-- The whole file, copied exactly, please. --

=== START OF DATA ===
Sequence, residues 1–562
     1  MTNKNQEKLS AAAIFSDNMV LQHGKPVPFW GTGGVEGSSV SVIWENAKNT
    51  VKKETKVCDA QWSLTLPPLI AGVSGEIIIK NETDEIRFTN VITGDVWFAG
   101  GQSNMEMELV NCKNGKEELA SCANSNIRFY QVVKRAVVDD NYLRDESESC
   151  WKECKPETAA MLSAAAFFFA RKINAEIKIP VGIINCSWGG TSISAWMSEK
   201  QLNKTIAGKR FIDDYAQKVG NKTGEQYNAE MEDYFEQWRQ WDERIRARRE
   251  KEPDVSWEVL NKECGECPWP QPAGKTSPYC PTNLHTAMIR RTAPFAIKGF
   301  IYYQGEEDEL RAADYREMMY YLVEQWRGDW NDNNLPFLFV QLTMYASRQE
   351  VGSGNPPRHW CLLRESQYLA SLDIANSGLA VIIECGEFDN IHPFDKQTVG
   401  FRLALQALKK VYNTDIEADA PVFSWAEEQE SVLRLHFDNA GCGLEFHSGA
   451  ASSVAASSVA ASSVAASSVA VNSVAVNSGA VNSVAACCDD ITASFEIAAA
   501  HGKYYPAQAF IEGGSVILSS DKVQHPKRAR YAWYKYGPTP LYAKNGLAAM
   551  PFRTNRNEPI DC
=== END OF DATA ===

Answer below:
Sequence, residues 1–562
     1  MTNKNQEKLS AAAIFSDNMV LQHGKPVPFW GTGGVEGSSV SVIWENAKNT
    51  VKKETKVCDA QWSLTLPPLI AGVSGEIIIK NETDEIRFTN VITGDVWFAG
   101  GQSNMEMELV NCKNGKEELA SCANSNIRFY QVVKRAVVDD NYLRDESESC
   151  WKECKPETAA MLSAAAFFFA RKINAEIKIP VGIINCSWGG TSISAWMSEK
   201  QLNKTIAGKR FIDDYAQKVG NKTGEQYNAE MEDYFEQWRQ WDERIRARRE
   251  KEPDVSWEVL NKECGECPWP QPAGKTSPYC PTNLHTAMIR RTAPFAIKGF
   301  IYYQGEEDEL RAADYREMMY YLVEQWRGDW NDNNLPFLFV QLTMYASRQE
   351  VGSGNPPRHW CLLRESQYLA SLDIANSGLA VIIECGEFDN IHPFDKQTVG
   401  FRLALQALKK VYNTDIEADA PVFSWAEEQE SVLRLHFDNA GCGLEFHSGA
   451  ASSVAASSVA ASSVAASSVA VNSVAVNSGA VNSVAACCDD ITASFEIAAA
   501  HGKYYPAQAF IEGGSVILSS DKVQHPKRAR YAWYKYGPTP LYAKNGLAAM
   551  PFRTNRNEPI DC